Three North County school districts have put forth ballot measures seeking voter-approved funding for this month’s special election, ranging from enhancement levies affected by changes in school funding to a construction bond that would see another elementary school built for Ridgefield.

La Center levy

The La Center School District is looking for voter approval on an enrichment levy that will replace the current maintenance and operations levy with the rate being lower than currently due to changes in state law.

The levy will raise close to $7.8 million over three years beginning in 2020 and will result in a projected rate of $1.50 per $1,000 of assessed value (AV) on homeowners in the district.

According to information from the district, the current levy rate is $2.58 per $1,000 of assessed value, leading to a more than $1 drop in rates should the levy pass by a majority vote. As part of the work by the state legislature to fully fund K-12 education in accordance to the McCleary court case, lawmakers increased the state levy rate while capping the amount districts can raise locally at that $1.50 per $1,000 figure.

The levy “fills the gap between what state and federal governments provide and local patrons expect,” according to district information. Uses listed include curriculum adoption, staff development, facilities maintenance, utility costs and extracurricular activities among others.

Hockinson Replacement levy

The “Replacement School Programs & Operations Levy” is listed as a partial replacement as the district is in a similar situation as La Center.

If approved, Hockinson’s proposed replacement levy would run from 2020 through 2022.

District staff estimate that the replacement levy rate of $1.50 per $1,000 AV will collect $9 million total: $2,685,000 in 2020, $3,005,000 in 2021 and $3,335,000 in 2022.

According to district staff, the replacement levy would fund athletics and academic extracurricular activities (which the state does not provide funding for), help fund transportation, special education, and extra staffing.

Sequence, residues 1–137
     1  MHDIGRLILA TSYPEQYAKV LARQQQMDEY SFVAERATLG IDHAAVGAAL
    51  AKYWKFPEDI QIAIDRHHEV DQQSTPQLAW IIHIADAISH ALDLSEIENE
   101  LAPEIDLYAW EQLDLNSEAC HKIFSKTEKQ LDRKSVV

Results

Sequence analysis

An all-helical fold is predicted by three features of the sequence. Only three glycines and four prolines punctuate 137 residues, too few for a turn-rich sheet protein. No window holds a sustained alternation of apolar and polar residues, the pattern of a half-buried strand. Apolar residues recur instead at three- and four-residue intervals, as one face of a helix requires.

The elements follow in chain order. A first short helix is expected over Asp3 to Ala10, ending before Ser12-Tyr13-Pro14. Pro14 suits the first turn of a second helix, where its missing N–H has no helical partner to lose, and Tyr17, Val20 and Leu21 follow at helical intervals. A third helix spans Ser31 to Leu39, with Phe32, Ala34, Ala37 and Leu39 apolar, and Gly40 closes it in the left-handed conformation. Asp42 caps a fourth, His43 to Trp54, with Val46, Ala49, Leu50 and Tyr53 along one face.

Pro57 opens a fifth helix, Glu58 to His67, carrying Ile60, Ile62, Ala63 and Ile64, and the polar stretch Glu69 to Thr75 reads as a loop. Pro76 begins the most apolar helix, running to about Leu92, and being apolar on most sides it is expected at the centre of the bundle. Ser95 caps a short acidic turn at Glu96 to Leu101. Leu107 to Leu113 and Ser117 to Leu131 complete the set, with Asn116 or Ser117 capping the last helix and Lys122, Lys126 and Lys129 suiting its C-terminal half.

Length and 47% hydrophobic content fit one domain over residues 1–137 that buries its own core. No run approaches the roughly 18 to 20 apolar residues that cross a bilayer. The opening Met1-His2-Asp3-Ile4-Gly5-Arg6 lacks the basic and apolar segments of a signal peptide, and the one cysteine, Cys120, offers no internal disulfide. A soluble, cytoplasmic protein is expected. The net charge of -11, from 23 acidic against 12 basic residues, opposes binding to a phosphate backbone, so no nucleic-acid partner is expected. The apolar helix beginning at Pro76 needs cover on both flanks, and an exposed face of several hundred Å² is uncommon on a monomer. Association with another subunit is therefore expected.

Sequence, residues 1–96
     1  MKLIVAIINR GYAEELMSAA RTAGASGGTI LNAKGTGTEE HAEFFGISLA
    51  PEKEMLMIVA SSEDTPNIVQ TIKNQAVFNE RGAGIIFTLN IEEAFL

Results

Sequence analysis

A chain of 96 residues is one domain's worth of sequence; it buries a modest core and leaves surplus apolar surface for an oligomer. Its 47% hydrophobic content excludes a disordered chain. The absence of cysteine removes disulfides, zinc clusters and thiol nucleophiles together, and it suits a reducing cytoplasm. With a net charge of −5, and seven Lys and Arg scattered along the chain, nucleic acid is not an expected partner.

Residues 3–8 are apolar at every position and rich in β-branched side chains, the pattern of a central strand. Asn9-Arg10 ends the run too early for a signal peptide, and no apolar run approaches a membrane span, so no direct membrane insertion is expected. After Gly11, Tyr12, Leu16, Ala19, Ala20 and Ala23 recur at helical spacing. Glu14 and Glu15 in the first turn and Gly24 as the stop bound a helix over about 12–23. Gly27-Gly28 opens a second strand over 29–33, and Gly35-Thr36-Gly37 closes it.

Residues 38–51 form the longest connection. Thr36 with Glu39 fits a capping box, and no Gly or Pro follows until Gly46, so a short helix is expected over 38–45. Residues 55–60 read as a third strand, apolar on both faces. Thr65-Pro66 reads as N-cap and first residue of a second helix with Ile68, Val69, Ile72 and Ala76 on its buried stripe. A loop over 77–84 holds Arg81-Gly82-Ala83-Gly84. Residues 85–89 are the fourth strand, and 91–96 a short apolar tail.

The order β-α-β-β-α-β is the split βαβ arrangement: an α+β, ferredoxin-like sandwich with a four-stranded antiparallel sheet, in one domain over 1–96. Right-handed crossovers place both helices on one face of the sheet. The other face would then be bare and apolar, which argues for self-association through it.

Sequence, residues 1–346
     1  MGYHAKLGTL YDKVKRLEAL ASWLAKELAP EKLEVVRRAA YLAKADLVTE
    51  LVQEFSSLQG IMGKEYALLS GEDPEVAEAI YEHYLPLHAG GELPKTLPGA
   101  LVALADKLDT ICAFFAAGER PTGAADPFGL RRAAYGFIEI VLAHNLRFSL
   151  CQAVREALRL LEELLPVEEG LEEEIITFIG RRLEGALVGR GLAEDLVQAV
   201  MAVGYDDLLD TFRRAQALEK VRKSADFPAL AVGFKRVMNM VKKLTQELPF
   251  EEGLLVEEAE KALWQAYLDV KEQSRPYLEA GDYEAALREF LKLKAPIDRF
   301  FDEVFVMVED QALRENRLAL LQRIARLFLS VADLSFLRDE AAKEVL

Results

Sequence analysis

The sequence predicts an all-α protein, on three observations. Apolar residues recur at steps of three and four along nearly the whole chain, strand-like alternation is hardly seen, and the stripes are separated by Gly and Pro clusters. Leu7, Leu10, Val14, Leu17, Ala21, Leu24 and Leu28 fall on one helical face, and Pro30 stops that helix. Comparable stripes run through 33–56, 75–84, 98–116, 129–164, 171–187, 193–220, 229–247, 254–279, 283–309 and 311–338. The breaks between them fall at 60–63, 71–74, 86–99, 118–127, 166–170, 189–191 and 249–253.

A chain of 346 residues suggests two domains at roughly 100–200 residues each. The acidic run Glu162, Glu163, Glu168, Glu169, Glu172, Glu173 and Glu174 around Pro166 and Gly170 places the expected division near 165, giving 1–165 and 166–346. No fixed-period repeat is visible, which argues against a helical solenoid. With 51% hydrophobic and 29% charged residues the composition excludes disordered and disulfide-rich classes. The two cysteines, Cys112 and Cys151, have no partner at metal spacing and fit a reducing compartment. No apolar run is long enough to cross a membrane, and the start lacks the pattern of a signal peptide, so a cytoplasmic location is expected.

Hockinson technology levy

The second, a capital levy, would be used to update the district’s instructional technology and to complete other projects, according to district staff.

If it gets the nod from voters, this levy would collect $800,000 per year for three years. District staff estimates show $0.45 per $1,000 AV in 2020, $0.40 per $1,000 AV in 2021, and $0.36 per $1,000 AV in 2022.

Ridgefield bond

The Ridgefield School District will put forth another capital facilities bond nearly two years to the day after successfully asking voters for a similar funding push of close to the same amount.

The district has put a $77 million bond on the Feb. 12 ballot. The funds would be used along with about $15 million in state assistance to construct a new elementary school, expand Ridgefield High School and construct covered play areas at the new and existing elementaries, among other projects.

The district has framed the bond in comparison to what homeowners paid in taxes in 2018 following increases to school funding through the McCleary decision, saying that if the bond were approved the tax rate would only raise to 9 cents per $1,000 of assessed value. 

However, according to Clark County Assessor Peter Van Nortwick, The bond itself would look more like $1.06 per $1,000 of assessed value, though the reduction in taxes due to the $1.50 levy cap and other changes in assessed value could lessen its impact.

The district is planning to use bond funds for the following improvements:

•A new K-4 elementary school

•A full renovation and modernization the vocational education building at Ridgefield High School

•A new classroom wing at Ridgefield High School

•Covered play areas at all elementary schools

•New HVAC systems at elementary schools

•Safety and security enhancements at all facilities in the district

The bond is for the third of at least four phases of district expansion in an effort to keep up with Ridgefield’s growth. In 2017 voters approved a bond that among other improvements resulted in the building of a new 5-8 grade campus. The $78 million ballot measure passed with about 69 percent approval.

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